Category «How To’s, Hints & Tips»

Try and Do It Right

We don’t try and “do” genealogy accurately because it is a game to see who is the most accurate and to see who can “judge” another’s work. We try our best to be as accurate as we can be in order to reach the most accurate picture of our ancestors as possible.  Often as we learn new information our picture of our ancestor changes–at least slightly. When we do shoddy work and research by grabbing whatever we can without analyzing it, we can indicate great-great-grandpa had wives he did not have, lived in places he did not live, and lived a lifestyle he never would have lived.

Sure, it takes longer to be as accurate as we can be. And all of us will make mistakes–beginners and experienced researchers alike.  But do you want your descendant to merge your life with that of your cousin of the same name whom you cannot stand? Do you want your descendant to create a picture of you that is completely and totally inaccurate?

Our ancestors deserve that option as well.

© Michael John Neill, “Genealogy Tip of the Day,” http://genealogytipoftheday.blogspot.com, 30 Oct 2012.

State Institution?

Was your ancestor institutionalized for a short time or for the last few years of their life? If so, they might have died a distance from where they actually lived. Records of the actual institution may be closed, but there might be local court records of the institutionalization. People who were sent to institutions weren’t always “crazy,” but might have simply needed more care than the family could give.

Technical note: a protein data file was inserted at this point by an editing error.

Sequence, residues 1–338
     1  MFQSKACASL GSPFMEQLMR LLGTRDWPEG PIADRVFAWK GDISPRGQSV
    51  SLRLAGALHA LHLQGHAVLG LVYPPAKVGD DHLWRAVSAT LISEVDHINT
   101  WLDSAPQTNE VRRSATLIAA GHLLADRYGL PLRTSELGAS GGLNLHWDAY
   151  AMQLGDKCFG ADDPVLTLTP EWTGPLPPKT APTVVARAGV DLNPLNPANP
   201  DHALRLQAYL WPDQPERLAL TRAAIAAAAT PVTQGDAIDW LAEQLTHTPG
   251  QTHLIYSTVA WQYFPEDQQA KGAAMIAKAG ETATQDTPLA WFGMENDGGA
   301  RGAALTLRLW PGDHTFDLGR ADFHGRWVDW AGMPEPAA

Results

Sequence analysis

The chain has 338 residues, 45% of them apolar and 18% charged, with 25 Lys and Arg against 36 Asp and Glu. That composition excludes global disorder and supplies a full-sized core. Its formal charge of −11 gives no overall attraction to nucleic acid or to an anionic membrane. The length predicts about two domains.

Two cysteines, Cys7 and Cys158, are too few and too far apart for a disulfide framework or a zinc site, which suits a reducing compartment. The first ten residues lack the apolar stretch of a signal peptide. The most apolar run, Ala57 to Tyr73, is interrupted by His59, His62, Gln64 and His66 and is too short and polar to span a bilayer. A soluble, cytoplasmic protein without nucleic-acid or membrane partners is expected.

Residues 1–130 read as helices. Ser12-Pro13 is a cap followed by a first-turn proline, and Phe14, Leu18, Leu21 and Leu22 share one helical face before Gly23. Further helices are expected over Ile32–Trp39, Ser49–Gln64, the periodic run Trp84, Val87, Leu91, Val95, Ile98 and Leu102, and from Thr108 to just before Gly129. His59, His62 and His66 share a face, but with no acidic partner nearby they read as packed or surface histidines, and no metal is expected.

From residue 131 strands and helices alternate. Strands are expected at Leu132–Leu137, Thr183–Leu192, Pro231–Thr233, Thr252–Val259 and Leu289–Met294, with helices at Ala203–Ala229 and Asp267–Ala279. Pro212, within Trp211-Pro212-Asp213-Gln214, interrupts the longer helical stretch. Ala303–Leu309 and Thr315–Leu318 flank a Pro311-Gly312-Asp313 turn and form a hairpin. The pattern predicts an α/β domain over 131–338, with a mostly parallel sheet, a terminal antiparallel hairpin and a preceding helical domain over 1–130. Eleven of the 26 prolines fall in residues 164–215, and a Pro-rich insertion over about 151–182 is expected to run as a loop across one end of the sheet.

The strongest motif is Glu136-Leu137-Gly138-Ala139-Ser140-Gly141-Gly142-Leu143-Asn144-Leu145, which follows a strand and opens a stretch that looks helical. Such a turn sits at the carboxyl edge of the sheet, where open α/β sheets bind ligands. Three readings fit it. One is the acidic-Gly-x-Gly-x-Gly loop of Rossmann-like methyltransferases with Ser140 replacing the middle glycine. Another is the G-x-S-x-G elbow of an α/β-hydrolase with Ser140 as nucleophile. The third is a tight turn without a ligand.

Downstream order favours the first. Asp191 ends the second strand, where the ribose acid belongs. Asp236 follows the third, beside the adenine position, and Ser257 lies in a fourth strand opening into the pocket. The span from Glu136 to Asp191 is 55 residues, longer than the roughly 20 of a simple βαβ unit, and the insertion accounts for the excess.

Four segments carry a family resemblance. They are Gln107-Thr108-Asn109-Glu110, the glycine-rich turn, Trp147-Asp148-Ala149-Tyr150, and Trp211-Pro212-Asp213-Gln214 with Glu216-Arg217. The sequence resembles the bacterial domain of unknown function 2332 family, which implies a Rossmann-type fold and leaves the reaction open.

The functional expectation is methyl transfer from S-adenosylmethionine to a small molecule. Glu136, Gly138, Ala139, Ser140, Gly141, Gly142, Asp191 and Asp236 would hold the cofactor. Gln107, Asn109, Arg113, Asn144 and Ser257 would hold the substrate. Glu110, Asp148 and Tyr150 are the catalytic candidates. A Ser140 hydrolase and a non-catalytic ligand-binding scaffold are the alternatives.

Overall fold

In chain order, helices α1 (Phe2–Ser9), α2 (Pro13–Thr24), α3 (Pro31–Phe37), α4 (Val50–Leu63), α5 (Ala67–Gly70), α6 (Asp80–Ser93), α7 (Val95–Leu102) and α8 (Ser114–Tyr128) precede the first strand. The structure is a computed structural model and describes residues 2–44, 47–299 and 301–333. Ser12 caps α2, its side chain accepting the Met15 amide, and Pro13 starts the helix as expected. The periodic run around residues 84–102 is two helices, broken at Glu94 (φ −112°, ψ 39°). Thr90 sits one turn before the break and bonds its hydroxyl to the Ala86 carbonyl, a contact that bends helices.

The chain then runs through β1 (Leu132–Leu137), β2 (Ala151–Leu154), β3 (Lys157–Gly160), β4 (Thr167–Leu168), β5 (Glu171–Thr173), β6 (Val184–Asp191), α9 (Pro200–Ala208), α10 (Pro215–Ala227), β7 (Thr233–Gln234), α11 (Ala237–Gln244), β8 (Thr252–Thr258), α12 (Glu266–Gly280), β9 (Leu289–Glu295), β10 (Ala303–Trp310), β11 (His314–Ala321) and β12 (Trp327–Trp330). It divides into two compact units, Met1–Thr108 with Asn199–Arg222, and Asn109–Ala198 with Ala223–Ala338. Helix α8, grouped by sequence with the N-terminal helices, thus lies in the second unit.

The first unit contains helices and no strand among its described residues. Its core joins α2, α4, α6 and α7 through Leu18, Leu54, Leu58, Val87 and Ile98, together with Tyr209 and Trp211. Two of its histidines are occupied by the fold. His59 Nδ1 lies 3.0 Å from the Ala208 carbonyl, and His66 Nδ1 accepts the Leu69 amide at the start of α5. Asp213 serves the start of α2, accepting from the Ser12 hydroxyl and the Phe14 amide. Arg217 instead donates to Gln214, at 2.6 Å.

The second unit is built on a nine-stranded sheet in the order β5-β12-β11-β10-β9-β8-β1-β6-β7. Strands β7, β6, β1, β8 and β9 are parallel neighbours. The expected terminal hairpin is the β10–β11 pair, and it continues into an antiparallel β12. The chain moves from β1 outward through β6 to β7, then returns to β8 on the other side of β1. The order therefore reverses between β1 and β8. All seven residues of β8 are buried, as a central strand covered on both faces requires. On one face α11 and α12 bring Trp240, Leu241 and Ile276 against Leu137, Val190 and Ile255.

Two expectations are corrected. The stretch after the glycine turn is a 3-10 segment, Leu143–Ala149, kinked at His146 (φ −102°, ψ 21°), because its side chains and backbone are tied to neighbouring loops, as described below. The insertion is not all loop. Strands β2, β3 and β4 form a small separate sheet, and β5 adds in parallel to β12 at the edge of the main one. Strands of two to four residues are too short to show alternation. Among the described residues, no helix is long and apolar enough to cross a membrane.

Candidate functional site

And they might have been buried on the grounds of the institution–leaving no tombstone behind either.

© Michael John Neill, “Genealogy Tip of the Day,” http://genealogytipoftheday.blogspot.com, 29 Aug 2012.

They Might Not Be Buried Where They Died

Do not always assume that someone died near where they are buried. It is very possible that they died while travelling or living a distance away with a relative and were returned “home” for burial.

That death certificate or death record may be several states away. I recently located a man who lived the last few years of his life in California, but had spent the previous thirty years in Nebraska. Nebraska is where he was buried, but California is where he died and where his death certificate was filed.

© Michael John Neill, “Genealogy Tip of the Day,” http://genealogytipoftheday.blogspot.com, 24 Aug 2012.